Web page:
How an intelligent retrofit permanently reduces slag build up in a biomass power plant’s furnace

The Silbitz biomass power plant in Thuringia, Germany, produces electricity (5.6 MW) and district heat (3 MW) from waste wood. In order to keep its production competitive, a high degree of availability at the plant is required. This was not satisfactory in Silbitz. The reason was the furnace: Heavy slagging on the walls resulted in short boiler operation periods and frequent downtimes. Since 2011, four shock pulse generators have been cleaning the plant during ongoing operation. This has enabled the amount of slagging to be minimized and boiler operation periods to be lengthened in the long term.

Andree Michaelis, operations manager at the biomass power plant in Silbitz, comes straight to the point. “Since we started cleaning the furnace and radiation pass as well as the convection passes regularly with four Shock Pulse Generators, we’ve kept the boiler efficiency at a constantly high level throughout the entire boiler operation period.”

The biomass power plant went into operation in 2003. The vertical boiler consists of a furnace, a radiation pass, a convection pass and an economizer pass (see Figure 1). The engineering company Standardkessel Baumgarte did not envisage installing a cleaning system in the furnace and radiation pass for the removal of deposits during operation. From the start, the superheater and economizer passes had been equipped with steam sootblowers (rotary and retractable sootblowers by Rosink).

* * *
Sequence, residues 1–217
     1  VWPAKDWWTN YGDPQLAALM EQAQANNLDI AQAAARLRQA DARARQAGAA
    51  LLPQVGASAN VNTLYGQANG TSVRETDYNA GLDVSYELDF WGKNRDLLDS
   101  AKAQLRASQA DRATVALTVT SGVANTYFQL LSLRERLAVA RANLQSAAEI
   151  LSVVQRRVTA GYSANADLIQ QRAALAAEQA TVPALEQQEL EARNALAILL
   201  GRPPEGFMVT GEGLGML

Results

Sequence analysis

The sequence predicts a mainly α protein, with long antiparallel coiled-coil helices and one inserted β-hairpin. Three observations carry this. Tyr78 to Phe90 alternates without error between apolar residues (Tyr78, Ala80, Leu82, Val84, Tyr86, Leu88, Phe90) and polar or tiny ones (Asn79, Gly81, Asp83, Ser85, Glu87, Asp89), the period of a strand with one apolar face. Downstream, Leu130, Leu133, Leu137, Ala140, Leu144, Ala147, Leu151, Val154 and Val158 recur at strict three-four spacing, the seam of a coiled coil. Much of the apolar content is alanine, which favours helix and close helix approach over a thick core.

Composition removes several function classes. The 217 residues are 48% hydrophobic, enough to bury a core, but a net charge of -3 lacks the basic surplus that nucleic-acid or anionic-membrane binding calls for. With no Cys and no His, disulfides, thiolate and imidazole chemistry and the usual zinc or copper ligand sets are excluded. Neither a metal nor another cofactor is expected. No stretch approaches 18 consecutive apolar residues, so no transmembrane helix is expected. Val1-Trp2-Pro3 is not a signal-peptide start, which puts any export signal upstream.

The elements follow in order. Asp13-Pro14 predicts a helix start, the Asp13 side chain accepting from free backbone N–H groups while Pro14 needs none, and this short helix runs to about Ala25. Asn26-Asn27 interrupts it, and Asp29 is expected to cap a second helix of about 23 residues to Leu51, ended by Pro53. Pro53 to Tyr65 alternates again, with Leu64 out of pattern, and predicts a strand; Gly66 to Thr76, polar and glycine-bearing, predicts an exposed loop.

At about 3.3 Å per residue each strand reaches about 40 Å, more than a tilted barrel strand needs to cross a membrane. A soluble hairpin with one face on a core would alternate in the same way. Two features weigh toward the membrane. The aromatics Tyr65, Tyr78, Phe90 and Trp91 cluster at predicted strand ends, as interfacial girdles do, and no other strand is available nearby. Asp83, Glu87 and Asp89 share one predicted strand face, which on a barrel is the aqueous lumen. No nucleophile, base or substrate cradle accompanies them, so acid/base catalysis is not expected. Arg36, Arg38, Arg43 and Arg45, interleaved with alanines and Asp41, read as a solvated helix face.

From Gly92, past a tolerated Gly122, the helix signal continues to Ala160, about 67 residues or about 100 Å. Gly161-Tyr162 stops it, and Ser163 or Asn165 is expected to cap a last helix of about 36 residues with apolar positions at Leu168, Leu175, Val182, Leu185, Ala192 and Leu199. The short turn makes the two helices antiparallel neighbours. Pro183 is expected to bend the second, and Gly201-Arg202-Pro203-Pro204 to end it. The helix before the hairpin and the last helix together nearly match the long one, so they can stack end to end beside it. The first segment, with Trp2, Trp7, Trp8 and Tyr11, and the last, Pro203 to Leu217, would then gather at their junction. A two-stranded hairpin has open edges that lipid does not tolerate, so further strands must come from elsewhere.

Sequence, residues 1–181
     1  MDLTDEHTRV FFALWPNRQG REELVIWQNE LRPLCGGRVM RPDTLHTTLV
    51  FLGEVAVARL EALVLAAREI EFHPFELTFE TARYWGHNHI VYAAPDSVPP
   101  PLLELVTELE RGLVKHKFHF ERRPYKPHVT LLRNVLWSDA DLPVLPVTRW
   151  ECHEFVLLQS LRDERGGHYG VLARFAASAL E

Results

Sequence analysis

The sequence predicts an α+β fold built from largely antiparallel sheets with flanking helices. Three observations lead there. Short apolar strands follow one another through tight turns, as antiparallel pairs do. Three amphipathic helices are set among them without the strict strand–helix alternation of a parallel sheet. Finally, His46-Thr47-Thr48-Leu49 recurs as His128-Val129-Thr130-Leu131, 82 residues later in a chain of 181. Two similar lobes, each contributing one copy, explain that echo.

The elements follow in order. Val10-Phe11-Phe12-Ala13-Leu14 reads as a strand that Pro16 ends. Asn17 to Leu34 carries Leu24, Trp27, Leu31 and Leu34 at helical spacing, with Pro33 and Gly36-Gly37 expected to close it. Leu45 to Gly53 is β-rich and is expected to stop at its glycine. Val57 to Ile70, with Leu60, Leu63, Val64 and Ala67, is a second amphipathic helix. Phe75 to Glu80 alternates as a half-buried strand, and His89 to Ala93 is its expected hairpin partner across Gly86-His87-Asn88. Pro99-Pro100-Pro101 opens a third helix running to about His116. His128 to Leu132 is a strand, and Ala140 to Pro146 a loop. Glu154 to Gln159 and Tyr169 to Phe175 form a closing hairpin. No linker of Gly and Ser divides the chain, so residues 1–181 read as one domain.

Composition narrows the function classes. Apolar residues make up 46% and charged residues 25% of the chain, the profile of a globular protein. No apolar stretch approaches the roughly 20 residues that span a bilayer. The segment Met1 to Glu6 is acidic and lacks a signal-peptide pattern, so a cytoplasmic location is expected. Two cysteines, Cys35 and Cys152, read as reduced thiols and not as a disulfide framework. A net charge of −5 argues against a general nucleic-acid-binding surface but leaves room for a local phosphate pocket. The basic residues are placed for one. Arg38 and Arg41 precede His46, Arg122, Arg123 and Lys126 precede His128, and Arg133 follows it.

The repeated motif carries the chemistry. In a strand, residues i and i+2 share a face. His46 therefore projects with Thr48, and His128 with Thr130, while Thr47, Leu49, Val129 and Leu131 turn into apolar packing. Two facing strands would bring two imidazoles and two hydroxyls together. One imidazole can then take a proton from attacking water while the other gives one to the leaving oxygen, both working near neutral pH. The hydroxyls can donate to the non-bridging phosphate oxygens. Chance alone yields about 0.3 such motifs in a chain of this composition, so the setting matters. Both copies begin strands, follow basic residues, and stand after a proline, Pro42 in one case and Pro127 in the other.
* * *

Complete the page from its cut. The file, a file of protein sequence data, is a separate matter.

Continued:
Shock Pulse Generator
Figure 1: Boiler overview and installation positions of the Shock Pulse Generators at the Silbitz biomass power plant.

Boiler fouling caused frequent downtimes

However, after just a short period of operation, the boiler showed signs of heavy fouling. In the furnace, slagging and fouling often reached such a high level (see Figure 2) that the sheer weight caused it to fall off from the side walls, dropping down and blocking the ash discharge, or damaging the grate. As a result, the boiler had to be shut down for cleaning and repair respectively.

Figure 2: furnace in 2010 after a ten-week traveling period prior to the installation of the Shock Pulse Generators.
Figure 3: furnace after a twelve-week traveling period with the Shock Pulse Generators installed in 2011

“The frequent downtimes massively reduced our boiler operating times. This was an untenable situation and we had to come up with some solutions,” states Mr. Michaelis. The plant operator found the answer at Explosion Power. Since October 2011 four Shock Pulse Generators EG10 have been up and running at the plant.

Shock pulse interval of 24 hours instead of eight sootblowers

The Shock Pulse Generators (SPGs) cater for the improved cleaning at the entire boiler. The first SPG prevents slagging and fouling in the furnace (see Figure 2), with the second tasked with cleaning the radiation pass. The third supplements the sootblowers in the convection pass to clean superheater 1 better and to reduce the operation of the soot blowers, and the fourth makes the sootblowers in the economizer pass redundant.